Major powers try again on Thursday to negotiate sanctions against Iran for refusing to suspend uranium enrichment but remain divided over how stiff the measures should be, diplomats said. Although envoys from six nations have repeatedly said they wanted to move quickly on a new UN Security Council resolution, disagreements emerged on nearly all the measures, said one diplomat, speaking on condition of anonymity because of the secrecy of the talks.
“It’s a tough resolution,” China’s deputy ambassador Liu Zhenmin said of the negotiations in remarks to reporters on Wednesday.
Senior foreign ministry officials from the United States, Britain, France, Russia, China and Germany have scheduled a conference call for Thursday before UN ambassadors return to drafting a text.
On Wednesday, the American, British, French and German diplomats conferred with European Union officials by telephone after a planned meeting among the six was delayed.
The United States and leading European countries suspect Iran is seeking to build nuclear weapons under the cover of a civilian atomic program. Tehran denies the charge and says its program is for generating electricity only.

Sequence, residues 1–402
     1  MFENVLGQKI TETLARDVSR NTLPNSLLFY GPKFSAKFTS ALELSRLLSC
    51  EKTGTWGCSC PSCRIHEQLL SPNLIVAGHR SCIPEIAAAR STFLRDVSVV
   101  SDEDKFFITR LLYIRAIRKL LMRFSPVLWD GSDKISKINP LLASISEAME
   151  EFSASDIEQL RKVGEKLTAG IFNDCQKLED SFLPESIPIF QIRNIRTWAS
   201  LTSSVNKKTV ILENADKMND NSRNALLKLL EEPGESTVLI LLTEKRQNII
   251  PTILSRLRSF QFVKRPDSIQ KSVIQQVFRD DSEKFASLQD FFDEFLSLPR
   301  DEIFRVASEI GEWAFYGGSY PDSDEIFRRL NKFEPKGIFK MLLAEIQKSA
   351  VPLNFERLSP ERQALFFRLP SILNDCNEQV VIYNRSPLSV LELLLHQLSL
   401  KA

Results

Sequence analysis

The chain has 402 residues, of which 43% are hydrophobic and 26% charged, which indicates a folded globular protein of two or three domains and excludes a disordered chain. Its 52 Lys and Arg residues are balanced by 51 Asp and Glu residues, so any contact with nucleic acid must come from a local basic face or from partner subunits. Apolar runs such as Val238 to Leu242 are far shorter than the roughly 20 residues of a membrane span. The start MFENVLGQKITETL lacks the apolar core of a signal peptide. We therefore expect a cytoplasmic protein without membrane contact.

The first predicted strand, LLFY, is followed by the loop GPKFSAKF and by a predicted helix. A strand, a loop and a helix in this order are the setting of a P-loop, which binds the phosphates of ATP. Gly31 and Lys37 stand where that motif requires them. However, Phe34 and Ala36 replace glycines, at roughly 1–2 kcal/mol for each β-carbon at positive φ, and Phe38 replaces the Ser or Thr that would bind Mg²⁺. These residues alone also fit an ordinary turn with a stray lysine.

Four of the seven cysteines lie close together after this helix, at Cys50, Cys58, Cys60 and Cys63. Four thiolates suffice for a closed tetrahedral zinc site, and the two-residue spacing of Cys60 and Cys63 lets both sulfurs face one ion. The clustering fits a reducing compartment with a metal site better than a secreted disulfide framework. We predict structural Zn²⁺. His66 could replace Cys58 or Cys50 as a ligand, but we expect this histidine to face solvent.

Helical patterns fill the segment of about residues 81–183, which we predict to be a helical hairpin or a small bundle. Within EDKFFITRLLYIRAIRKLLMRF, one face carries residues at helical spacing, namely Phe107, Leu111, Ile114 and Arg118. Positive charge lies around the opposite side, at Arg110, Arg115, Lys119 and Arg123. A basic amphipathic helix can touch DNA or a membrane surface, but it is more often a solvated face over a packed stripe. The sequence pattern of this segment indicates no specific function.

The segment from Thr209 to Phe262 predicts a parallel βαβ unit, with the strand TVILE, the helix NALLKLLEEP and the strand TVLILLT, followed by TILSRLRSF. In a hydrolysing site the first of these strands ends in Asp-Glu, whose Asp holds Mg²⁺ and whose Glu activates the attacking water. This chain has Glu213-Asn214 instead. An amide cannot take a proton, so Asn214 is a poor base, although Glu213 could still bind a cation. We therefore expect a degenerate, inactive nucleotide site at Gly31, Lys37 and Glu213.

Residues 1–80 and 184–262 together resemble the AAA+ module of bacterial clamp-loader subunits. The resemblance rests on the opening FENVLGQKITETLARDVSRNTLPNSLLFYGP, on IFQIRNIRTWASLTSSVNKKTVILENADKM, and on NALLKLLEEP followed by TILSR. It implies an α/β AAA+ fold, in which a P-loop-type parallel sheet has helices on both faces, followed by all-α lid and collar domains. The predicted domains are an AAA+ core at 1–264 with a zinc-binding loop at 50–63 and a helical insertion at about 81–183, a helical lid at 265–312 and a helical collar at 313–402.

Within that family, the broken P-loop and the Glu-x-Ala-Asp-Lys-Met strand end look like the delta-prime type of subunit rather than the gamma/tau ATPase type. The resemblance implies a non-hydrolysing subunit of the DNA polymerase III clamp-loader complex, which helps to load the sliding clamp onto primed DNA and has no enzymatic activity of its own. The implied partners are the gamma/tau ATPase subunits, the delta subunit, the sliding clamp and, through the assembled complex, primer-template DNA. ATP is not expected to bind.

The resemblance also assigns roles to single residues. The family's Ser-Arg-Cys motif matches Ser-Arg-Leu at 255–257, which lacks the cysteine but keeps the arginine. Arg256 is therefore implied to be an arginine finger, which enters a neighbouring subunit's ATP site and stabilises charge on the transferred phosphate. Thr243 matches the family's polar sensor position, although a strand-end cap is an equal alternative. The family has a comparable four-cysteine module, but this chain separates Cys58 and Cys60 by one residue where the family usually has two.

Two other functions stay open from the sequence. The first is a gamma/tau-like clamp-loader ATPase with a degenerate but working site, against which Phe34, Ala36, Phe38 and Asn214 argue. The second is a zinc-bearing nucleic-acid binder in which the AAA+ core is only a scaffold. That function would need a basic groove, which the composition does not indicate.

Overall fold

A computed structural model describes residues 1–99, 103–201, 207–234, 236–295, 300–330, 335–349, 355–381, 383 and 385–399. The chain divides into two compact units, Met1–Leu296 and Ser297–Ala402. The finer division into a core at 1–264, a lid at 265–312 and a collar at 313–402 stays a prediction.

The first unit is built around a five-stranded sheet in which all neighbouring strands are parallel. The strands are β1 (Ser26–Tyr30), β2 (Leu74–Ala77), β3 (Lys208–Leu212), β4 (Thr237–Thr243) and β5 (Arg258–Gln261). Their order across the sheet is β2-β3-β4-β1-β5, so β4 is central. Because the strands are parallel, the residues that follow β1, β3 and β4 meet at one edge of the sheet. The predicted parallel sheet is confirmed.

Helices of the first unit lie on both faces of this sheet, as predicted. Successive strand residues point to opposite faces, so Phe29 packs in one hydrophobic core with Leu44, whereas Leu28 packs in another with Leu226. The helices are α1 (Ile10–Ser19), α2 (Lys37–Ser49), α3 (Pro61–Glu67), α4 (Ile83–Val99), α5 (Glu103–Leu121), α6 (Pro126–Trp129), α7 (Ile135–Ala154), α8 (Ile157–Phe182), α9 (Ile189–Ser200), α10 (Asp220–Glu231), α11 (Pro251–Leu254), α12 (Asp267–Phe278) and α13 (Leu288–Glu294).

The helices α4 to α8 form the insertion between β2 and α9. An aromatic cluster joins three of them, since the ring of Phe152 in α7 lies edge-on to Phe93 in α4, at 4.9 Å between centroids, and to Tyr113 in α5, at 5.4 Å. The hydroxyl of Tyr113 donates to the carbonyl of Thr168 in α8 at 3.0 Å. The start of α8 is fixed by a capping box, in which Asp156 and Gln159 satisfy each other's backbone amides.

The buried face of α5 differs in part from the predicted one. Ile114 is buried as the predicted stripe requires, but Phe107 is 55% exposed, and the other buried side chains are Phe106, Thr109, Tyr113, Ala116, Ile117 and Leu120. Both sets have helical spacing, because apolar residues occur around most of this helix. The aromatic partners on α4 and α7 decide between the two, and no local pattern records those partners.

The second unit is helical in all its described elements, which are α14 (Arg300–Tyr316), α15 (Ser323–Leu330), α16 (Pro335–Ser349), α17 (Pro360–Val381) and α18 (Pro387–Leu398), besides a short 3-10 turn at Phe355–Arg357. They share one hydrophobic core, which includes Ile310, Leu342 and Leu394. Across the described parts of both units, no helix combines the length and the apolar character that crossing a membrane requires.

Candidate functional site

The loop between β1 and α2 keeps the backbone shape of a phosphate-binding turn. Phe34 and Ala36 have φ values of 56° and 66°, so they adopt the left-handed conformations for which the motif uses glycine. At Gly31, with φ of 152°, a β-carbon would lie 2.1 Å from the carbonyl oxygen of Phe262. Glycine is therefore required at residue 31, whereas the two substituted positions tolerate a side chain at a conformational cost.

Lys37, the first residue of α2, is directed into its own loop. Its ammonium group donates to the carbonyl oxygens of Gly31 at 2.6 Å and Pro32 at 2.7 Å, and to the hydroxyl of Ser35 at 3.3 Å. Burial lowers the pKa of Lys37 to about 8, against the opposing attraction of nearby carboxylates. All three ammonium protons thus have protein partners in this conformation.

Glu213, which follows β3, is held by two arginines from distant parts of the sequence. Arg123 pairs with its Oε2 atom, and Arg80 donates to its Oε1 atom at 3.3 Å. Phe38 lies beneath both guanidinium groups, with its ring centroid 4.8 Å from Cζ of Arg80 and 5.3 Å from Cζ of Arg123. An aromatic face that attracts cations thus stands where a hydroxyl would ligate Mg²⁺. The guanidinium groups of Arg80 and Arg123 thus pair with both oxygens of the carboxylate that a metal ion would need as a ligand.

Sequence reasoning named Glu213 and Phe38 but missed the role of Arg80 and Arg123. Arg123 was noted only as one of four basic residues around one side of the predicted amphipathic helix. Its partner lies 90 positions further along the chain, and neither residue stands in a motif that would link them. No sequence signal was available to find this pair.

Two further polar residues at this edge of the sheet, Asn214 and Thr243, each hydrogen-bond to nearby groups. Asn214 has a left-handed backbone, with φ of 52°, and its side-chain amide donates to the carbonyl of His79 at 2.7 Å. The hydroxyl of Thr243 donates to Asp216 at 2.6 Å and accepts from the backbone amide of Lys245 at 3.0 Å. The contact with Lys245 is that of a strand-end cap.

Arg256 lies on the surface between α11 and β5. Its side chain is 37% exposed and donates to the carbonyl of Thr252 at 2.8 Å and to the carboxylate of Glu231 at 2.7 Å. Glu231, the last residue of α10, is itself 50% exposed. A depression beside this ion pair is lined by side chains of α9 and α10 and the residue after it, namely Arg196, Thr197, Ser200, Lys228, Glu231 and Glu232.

Under discussion is a mandatory travel ban on Iranian officials connected with the nuclear program, an arms embargo, restrictions on export credits and an expansion of an earlier list of Iranian officials, groups and companies whose assets would be frozen.
But Russia and China are described by diplomats as balking at the mandatory travel ban as well as the scope of an arms embargo. And even European nations said they have problems how far-reaching bans on export credits should be.
The draft resolution, which was to have been submitted to the full 15-nation UN Security Council this week, is described as incremental. “Nobody is talking about a full-blown sanctions resolution that’s widespread, that covers all the Iranian economy,” State Department spokesman Sean McCormack said in Washington on Wednesday.
The measure is a follow-up to a resolution adopted by the Security Council on Dec. 23 that imposed trade sanctions on sensitive nuclear materials and technology and froze assets of key Iranians individuals, groups and businesses.
The council had given Tehran 60 days to halt nuclear enrichment or face additional measures.
The new resolution is also expected to give Iran another 60 days to comply with demands that it halt its nuclear enrichment work, which can provide fuel for power plants.